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Today, conventional wisdom suggests that cloud computing will bring increased efficiency to computing markets, which will then decrease costs. Cloud computing will allow organizations to cut IT spending and help relieve pressure on IT budgets. It’s a nice vision, but that’s not going to happen.
The good news is that you’re not going to mind that your cloud computing budget will be higher than what you’re paying now for IT, because you’ll be able to do more. And here’s why.
Coal and clouds, an unlikely pair.
The secret to this counterintuitive state of affairs was explained back in 1865 by a British economist named William Stanley Jevons who was investigating the use of coal within the British empire. Jevons wanted to understand the forces shaping the demand for coal and estimate the time to exhaustion for British coal mines.
During his investigation, Jevons noticed that, counter-intuitively, increasing the efficiency of coal-burning machines did not, in fact, slow the overall consumption of coal. In fact, he saw that
the more efficient the coal-burning machines got, the more coal was consumed, at an ever-increasing rate. Efficiency, it seemed, actually made coal consumption increase, not decrease. This is now known as the Jevons Paradox.
The paradox is explained by noting that multiple forces are working together. While increasing efficiency reduces the individual fuel consumption of a single machine, it also reduces the cost to run that machine. The reduced cost, in turn, makes the machine economically viable in a number of new applications. While each machine is more efficient, the overall demand increases for the machines themselves, leading to an increase in fuel consumption, coal in the case of Jevons’ original investigations.
So what does that mean for cloud computing?
Jevon’s Paradox has influenced IT for decades. For instance, in 1943, Thomas J. Watson, the Chairman and CEO of IBM, was rumored to have said, “I think there is a world market for maybe five computers.” While this sounds silly on the face to modern ears, the irony is that Watson would have been right, if not for Moore’s Law and Jevons’ Paradox — if the world had been static and computers were still as inefficient and costly (in constant dollars) as they were in 1943, we might still be looking at a world market of five units.
But over the decades, the invention of the transistor and other technologies helped fuel a relentless increase in computer efficiency. As computers have become more efficient and dropped in price, we have found new applications for them and ended up spending more and more on them, in accordance with Jevons’ Paradox.
So when it comes to the cloud, we will likely continue to spend more each year on IT. However, with spending shifting into cloud computing as opposed to traditional forms of IT, this rise will be accompanied by a correspondingly greater increase in economic benefit. This is an important point: Jevons’ Paradox has two forces at work. The increase in consumption results from increased application of the technology to new problems, and this only happens if those new applications are economically viable. And “economically viable” is code for “makes you money.”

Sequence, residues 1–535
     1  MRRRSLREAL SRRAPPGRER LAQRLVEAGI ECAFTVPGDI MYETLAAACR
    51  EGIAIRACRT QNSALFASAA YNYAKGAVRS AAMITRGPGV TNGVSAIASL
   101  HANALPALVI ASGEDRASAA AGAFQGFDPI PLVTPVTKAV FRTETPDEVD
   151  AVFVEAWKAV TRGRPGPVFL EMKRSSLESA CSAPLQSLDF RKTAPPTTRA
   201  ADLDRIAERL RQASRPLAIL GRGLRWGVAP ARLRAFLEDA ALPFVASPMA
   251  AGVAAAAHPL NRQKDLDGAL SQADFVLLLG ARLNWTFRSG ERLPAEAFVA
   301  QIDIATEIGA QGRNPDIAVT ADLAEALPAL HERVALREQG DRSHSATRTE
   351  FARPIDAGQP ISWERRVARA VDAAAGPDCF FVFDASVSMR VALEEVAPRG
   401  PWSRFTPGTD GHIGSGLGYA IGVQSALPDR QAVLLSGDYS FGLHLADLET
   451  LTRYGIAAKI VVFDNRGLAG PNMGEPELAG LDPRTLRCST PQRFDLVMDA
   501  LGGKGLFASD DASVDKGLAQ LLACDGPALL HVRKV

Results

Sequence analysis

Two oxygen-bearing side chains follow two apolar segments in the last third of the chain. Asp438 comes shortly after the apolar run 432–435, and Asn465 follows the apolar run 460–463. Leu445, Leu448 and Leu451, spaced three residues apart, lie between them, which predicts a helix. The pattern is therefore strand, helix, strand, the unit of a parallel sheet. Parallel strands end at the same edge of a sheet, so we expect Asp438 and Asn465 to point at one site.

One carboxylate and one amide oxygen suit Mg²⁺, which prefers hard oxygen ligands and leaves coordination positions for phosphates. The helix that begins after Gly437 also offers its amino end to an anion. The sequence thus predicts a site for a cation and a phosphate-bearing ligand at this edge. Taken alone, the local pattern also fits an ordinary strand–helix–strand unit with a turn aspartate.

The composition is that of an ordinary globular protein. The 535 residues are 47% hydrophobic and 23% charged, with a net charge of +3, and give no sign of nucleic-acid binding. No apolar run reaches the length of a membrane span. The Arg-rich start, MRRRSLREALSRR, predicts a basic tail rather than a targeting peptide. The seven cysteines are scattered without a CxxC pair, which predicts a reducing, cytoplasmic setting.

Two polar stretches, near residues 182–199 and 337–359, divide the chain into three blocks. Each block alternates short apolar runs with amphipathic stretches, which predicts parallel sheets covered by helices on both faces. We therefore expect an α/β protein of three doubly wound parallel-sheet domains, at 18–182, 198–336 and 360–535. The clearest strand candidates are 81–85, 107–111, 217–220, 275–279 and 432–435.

Jevons’ Paradox and the cloud meet in the real world.
I was recently speaking with a large bank that told me that cloud computing is allowing them to pursue projects that previously were unviable. For instance, if a new application could deliver $500,000 in revenue, but had IT expenditures of $1 million, it simply couldn’t be pursued. Using cloud computing, IT costs have dropped, allowing them to pursue smaller projects that would not otherwise have been viable.
So, the number of projects is increasing, which is leading to increased aggregate spending, but with correspondingly greater revenue. Further, the savings associated with projects that would have been feasible even before costs dropped can be plowed back into application development rather than sunk on infrastructure.
It’s important to note that any individual firm may or may not see the effects of the Jevons’ Paradox. In other words, the effects will be distributed across the economy in a lumpy fashion. Some enterprises are “IT intensive,” using IT as a primary input into the business process (think banking and financial services). Those firms will see the greatest effect from Jevons’ Paradox associated with cloud computing.
But there are other enterprises that are IT insensitive (think logging and mining, for instance). These firms need some information technology capabilities, but IT is not a primary driver of project-level business cases. Increasing IT efficiency is unlikely to allow them to pursue additional projects. Thus, any IT cost savings can drop more directly to the bottom line and IT spending in these firms will go down.
So, Jevons’ Paradox predicts that with increased IT efficiency in the form of cloud computing, actual spending will continue to increase. But with that increased spending will come greater economic return for everybody as new projects that were previously unviable can now be pursued. In the same way that Jevons saw coal use increasing, fueling the industrial revolution, cloud computing is poised fuel a 21st century computing revolution.